Nuaman, Etzion DCL, Bethlehem – Checkpoint 300

Observers: 
Yael I., Ilana D. (reporting)
06/10/2010
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Afternoon

Bethlehem - Checkpoint 300, from 2:00 till 5:00 PM:

The soldier at the Mazmoriya CP had no idea who we were and promptly agreed to let us go into Nuaman. The village looked deserted, only some girls returned from school. On our way out we met the Mukhtar in his transporter who invited us to come in, but when we refused, he agreed to discuss matters with us outside his house. The inhabitants feel like in prison and their fate still has not been decided. Their relatives can never visit, because no one is allowed into the village. On the last holiday Id El Fitr there was a curfew in addition, because it coincided with Rosh Hashana, so they could not even leave via El Khas to Bethlehem, etc. Whenever soldiers are being changed at the CP there is unnecessary harassment and he has to call the commander frequently. The tiny grocery store in the village had to close down, because it had trouble getting produce into the village. Even fodder for the sheep is a problem and is dropped along the road, since it is not allowed to pass the CP before being searched. Last week someone’s new refrigerator was held up for a whole day at the CP. The children are also treated harshly while their schoolbags are being scrutinized.

 Etzion DCL: we had not seen a queue outside the building for along time. This is the day the office deals with requests from Tekoa and surroundings and due to the curfew of the Succot Holidays and the fact that three times the Wednesdays happened to be eve of holidays there had been huge crowds in the morning. Some people told us they had been waiting since 5:30 in the morning and had not even been placed on any list. Apparently the first 150 pushers had been allowed entry and the other people had been told to go home and return next week. This didn’t register, so against better wisdom the younger ones were pushing against the turnstiles while the older men waited on the chairs or outside. Two humanitarian cases had trouble to enter, after having gotten permission, because they had to push their way through the thugs. We called a number of times and finally also contacted Hanna B. when nothing seemed to happen. One of the older men volunteered to draw up a list, which didn’t include those who refused to move away from the turnstiles. Then the girl at the window, with whom we had spoken beforehand about the humanitarian cases, announced that the officer Eyal would come down. Indeed two officers with drawn rifles appeared. They first ignored the list, stating that the next day there would be huge crowds from Beit Jalla and they could not deal with backlogs from the previous day, but then they mellowed and agreed to work an hour later, till 6:00 that day and allow fifteen men from the list inside and from then on every morning afterwards ten following names from the list. The men calmed down and we complimented Eyal, the officer who had spoken to them in fluent Arabic and suggested they come down more often to calm the frustrations. At the Rachel Passage - Checkpoint 300  there were no lines, apparently most workers had already passed.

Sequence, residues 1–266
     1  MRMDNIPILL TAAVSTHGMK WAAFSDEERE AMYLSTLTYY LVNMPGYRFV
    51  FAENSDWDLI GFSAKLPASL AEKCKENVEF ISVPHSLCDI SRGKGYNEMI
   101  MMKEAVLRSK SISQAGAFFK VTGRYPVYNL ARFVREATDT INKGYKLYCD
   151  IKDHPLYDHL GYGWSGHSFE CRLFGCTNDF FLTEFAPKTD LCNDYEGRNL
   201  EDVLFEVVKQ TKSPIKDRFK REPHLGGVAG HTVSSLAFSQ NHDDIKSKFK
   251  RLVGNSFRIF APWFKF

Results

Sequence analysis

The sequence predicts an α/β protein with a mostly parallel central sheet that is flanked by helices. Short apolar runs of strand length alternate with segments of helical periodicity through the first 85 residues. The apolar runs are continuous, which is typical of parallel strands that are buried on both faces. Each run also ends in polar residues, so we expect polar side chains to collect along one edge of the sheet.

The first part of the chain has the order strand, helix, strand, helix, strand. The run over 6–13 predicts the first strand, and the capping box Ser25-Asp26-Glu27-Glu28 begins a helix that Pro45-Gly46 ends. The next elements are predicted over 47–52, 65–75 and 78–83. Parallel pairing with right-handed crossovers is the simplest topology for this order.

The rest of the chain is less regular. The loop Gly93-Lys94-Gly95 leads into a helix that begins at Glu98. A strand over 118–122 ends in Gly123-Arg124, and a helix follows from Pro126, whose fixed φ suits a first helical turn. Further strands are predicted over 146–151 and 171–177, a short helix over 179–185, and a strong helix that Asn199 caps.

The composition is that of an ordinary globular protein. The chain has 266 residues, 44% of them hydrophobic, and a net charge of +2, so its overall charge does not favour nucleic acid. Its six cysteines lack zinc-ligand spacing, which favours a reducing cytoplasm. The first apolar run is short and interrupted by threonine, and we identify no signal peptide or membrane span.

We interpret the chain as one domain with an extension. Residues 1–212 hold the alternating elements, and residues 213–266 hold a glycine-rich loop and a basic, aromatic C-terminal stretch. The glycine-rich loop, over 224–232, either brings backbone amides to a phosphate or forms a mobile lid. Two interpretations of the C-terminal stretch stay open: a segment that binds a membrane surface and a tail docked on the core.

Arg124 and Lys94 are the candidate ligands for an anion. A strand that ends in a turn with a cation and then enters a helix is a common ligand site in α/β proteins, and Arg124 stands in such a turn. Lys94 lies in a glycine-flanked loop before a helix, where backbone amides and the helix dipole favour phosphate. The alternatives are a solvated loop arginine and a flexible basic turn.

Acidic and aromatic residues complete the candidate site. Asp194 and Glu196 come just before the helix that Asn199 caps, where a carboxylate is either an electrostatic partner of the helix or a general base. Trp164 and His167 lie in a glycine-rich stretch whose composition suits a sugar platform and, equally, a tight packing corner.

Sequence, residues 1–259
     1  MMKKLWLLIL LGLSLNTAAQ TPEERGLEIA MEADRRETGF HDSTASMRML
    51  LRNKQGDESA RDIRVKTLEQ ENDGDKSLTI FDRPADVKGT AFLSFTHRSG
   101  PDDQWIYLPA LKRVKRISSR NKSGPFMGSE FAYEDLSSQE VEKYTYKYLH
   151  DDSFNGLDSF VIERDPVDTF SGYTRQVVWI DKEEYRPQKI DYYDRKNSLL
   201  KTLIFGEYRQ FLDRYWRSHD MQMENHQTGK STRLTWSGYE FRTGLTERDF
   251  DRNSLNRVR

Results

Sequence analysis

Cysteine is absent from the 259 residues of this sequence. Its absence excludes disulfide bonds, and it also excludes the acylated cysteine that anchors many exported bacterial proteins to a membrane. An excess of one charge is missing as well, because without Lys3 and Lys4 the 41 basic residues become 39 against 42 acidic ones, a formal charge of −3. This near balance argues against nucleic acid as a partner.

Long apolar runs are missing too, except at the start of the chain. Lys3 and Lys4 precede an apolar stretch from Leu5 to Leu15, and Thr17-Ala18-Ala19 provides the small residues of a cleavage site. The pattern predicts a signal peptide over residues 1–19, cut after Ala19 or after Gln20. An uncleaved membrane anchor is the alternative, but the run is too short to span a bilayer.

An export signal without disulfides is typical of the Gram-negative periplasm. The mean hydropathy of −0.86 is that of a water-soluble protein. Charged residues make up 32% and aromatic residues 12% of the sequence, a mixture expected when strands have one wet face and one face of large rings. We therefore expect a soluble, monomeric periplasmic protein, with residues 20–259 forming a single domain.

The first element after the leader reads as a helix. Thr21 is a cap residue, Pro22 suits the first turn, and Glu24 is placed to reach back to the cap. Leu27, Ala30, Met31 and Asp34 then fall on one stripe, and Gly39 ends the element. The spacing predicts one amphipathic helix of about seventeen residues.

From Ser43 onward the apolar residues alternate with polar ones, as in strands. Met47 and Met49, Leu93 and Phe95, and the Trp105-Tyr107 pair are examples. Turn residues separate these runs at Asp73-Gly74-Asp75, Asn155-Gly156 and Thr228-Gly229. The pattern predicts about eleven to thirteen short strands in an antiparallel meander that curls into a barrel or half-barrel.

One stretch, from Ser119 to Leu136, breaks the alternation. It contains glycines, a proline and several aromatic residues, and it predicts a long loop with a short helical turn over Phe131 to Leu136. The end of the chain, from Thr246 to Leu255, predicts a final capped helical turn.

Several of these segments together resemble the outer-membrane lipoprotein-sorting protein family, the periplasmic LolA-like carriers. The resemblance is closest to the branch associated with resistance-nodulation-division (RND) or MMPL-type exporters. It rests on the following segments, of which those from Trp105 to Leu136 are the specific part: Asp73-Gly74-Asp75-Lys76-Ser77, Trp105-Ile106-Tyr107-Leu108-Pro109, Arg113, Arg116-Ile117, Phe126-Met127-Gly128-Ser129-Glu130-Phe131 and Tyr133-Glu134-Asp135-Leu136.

At the Rachel Passage there were no lines, apparently most workers had already passed.